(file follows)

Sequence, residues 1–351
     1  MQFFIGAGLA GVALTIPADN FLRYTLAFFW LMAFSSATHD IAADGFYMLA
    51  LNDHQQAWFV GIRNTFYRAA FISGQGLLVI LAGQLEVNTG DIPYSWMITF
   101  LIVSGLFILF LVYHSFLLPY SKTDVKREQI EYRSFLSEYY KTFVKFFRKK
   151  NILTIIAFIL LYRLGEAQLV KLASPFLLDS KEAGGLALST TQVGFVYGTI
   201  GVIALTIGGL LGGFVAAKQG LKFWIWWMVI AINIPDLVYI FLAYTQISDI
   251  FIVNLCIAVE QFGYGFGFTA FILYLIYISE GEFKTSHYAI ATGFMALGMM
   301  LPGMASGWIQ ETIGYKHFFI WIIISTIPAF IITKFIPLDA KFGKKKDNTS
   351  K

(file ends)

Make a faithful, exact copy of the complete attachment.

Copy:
Sequence, residues 1–351
     1  MQFFIGAGLA GVALTIPADN FLRYTLAFFW LMAFSSATHD IAADGFYMLA
    51  LNDHQQAWFV GIRNTFYRAA FISGQGLLVI LAGQLEVNTG DIPYSWMITF
   101  LIVSGLFILF LVYHSFLLPY SKTDVKREQI EYRSFLSEYY KTFVKFFRKK
   151  NILTIIAFIL LYRLGEAQLV KLASPFLLDS KEAGGLALST TQVGFVYGTI
   201  GVIALTIGGL LGGFVAAKQG LKFWIWWMVI AINIPDLVYI FLAYTQISDI
   251  FIVNLCIAVE QFGYGFGFTA FILYLIYISE GEFKTSHYAI ATGFMALGMM
   301  LPGMASGWIQ ETIGYKHFFI WIIISTIPAF IITKFIPLDA KFGKKKDNTS
   351  K